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1. Philippine Airlines, Inc. cannot be subject to the minimum corporate income tax.

Taxpayer received from the BIR deficiency tax assessment for minimum corporate income tax
(MCIT). The taxpayer filed a protest arguing, among others, that it is exempt from, or is not
subject to, the 2% MCIT by virtue of its Charter, Presidential Decree No. 1590. As no action was
taken by the BIR on its protest, taxpayer filed a petition for review before the CTA. Both the CTA
Division and CTA En Banc agreed with taxpayer that it is not subject to the MCIT.

The Supreme Court affirmed the decision of the CTA. According to the Supreme Court, during
the lifetime of the franchise of PAL, its taxation shall be governed by two fundamental rules, to
wit: (1) it shall pay the government either the basic corporate income tax or franchise tax,
whichever is lower; and (2) the tax paid, under either of these alternatives, shall be in lieu of all
other taxes, duties, royalties, registration, license and other fees and charges, except only real
property tax. Citing earlier decisions on the same issue, the Supreme Court ruled that PAL
cannot be subject to the MCIT because the “basic corporate income tax” referred to under
Section 13(a) of PD 1590 relates to the rate of 35% (now 30%) as provided in Section 27(A) of
the NIRC of 1997. Because of the fundamental difference between the basic corporate income
tax and the MCIT, PAL is subject to first tax yet exempted from the second. (Commissioner of
Internal Revenue vs. Philippine Airlines, Inc., G.R. No. 179259, September 25, 2013)

2. The 120+30 day periods provide in Section 112 of the NIRC are mandatory and

Taxpayer filed its VAT returns showing unutilized VAT attributable to its zero-rated sales.
Taxpayer then subsequently filed an administrative claim for refund for the said unutilized input
taxes. The relevant filing periods are as follows:

Period Covered Filing of VAT Return Filing of the Administrative

1st quarter 2004 April 16, 2004 June 9, 2004
2nd quarter 2004 July 15, 2004 August 12, 2004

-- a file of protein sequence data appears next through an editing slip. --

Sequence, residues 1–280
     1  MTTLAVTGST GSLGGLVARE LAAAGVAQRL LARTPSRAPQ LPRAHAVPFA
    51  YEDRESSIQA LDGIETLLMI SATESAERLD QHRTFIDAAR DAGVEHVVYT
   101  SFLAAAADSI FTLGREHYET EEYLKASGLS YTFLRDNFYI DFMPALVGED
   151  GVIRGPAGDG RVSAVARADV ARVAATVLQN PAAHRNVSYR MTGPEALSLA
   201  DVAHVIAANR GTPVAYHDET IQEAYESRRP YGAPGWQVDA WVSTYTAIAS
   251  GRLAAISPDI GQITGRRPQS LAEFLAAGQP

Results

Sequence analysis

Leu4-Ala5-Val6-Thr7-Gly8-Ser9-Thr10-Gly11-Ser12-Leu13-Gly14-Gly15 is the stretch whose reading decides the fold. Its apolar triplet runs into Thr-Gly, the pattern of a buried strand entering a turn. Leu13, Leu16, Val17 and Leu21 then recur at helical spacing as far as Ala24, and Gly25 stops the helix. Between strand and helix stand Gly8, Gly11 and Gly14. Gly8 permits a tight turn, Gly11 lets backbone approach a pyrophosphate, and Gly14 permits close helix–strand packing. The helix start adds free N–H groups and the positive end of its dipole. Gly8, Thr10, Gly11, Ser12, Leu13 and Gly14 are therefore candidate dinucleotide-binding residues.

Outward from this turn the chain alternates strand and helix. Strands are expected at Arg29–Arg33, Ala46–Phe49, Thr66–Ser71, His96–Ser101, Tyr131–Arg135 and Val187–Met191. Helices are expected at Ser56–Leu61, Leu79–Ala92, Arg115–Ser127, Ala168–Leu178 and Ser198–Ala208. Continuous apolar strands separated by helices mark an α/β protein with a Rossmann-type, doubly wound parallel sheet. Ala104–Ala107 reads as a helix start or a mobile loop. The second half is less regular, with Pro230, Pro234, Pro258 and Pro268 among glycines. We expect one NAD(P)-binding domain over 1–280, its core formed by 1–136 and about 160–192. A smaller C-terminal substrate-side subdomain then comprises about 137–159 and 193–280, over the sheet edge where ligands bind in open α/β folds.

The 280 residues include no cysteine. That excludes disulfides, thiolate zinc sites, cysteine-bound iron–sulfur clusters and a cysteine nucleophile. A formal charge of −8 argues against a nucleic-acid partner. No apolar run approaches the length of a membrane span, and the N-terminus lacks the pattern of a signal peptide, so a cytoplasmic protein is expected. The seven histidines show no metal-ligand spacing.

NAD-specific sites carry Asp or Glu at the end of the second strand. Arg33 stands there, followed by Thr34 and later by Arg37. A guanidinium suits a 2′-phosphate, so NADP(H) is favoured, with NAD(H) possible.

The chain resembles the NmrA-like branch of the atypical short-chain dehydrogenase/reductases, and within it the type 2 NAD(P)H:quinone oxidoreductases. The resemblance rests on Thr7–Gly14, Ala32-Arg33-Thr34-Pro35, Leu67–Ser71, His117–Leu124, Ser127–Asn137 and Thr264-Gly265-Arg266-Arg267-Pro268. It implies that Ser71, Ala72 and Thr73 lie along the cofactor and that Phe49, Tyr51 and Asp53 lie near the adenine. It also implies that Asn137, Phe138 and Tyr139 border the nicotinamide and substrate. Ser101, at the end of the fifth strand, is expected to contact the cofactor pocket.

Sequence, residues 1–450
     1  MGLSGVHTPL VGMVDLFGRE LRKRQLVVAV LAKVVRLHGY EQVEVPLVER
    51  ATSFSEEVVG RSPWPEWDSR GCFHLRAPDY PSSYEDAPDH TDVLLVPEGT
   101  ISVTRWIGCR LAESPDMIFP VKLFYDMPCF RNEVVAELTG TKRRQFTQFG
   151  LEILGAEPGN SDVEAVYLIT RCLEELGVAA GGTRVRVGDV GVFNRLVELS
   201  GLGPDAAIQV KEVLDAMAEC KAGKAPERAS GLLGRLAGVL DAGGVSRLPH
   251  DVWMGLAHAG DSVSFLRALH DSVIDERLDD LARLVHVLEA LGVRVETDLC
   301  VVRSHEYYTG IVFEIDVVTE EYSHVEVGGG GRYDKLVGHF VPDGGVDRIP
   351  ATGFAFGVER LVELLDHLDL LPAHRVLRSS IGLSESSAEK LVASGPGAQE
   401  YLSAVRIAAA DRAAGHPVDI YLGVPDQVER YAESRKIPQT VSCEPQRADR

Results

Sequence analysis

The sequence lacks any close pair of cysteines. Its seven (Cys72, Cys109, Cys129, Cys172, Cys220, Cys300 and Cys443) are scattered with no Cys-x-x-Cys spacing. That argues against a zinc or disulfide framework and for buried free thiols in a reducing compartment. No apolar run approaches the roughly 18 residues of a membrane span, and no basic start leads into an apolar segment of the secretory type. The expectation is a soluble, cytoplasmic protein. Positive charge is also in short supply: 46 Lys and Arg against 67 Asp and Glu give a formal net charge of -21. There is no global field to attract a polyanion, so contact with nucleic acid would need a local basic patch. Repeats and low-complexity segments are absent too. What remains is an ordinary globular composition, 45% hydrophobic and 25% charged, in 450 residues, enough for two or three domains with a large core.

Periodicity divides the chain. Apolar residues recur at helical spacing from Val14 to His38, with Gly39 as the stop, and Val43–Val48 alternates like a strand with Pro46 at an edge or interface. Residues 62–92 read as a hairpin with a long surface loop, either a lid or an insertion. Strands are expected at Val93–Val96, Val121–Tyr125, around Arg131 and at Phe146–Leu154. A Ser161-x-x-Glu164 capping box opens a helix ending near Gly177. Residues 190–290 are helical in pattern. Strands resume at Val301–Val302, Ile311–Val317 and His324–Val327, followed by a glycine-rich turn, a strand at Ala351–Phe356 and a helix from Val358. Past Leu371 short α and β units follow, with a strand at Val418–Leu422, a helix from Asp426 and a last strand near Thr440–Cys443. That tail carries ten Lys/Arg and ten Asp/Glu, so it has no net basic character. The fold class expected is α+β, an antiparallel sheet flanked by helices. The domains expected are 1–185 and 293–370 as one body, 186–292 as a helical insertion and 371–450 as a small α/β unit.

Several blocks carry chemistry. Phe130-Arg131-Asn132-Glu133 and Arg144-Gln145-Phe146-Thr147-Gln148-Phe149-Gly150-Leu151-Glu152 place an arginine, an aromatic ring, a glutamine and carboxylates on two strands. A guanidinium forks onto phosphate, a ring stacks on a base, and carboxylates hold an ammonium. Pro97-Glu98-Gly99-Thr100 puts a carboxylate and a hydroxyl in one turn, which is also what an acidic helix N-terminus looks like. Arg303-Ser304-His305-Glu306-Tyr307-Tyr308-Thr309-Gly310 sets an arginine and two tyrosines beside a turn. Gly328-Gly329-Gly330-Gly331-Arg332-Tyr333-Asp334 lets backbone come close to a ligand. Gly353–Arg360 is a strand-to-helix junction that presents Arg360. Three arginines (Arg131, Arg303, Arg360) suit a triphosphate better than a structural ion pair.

3rd quarter 2004 October 15, 2004 February 18, 2005
4th quarter 2004 January 11, 2005 February 18, 2005
1st quarter 2005 April 25, 2005 May 11, 2005
2nd quarter 2005 July 19, 2005 November 18, 2005
3rd quarter 2005 October 26, 2005 November 18, 2005
For failure of the BIR to act on the administrative claims, the taxpayer filed a petition for review
before the CTA on March 17, 2006. The BIR contends that the taxpayer’s action for refund has
not compliant with the prescriptive periods under the Tax Code.

Citing the earlier cases of CIR vs. Aichi Forging Company of Asia, Inc.1 (Aichi Case) and CIR
vs. San Roque Power Corporation2, the Supreme Court ruled that the two-year prescriptive
period applies only to the administrative claims and not to the judicial claims. Moreover, the 120-
day and 30-day periods are not merely directory but mandatory. The taxpayer will always have
30 days to file the judicial claim even if the Commissioner acts only on the 120th day, or does
not act at all during the 120-day period. With the 30-day period always available to the taxpayer,
the taxpayer can no longer file judicial claim for refund or tax credit of unutilized excess input
VAT without waiting for the Commissioner to decide until the expiration of the 120-day period.
Failure to comply with the 120-day waiting period violates the doctrine of exhaustion of
administrative remedies and renders the petition premature and thus without a cause of action,
with the effect that the CTA does not acquire jurisdiction over the taxpayer’s petition. The only
exception is the period from December 10, 2003 when BIR Ruling No. DA-489-03 was issued
up to its reversal in the Aichi Case on October 6, 2010. BIR Ruling DA-489-03 provides a valid
claim for equitable estoppel when the BIR ruled that the “taxpayer-claimant need not wait for the
lapse of the 120-day period before it could seek judicial relief with the CTA by way of Petition for

Thus, the taxpayer can benefit from BIR Ruling No. DA-489-03 with respect to its claims for
refund for unutilized excess input VAT for the 2nd and 3rd quarters of 2005 which were filed
before the BIR on November 18, 2005 but elevated to the CTA on March 17, 2006 before the
expiration of the 120-day period. However, the claims for the 4 quarters of the 2004 and the 1st
quarter of 2005 are denied for late filing of the petition for review before the CTA. (Republic of
the Philippines vs. GST Philippines, Inc., G.R. No. 190872, October 17, 20133)

3. A taxpayer is not liable for the tax liability of another taxpayer in the absence of a

On November 9, 2001, the Bank of Commerce (BOC) and Traders Royal Bank (TRB) executed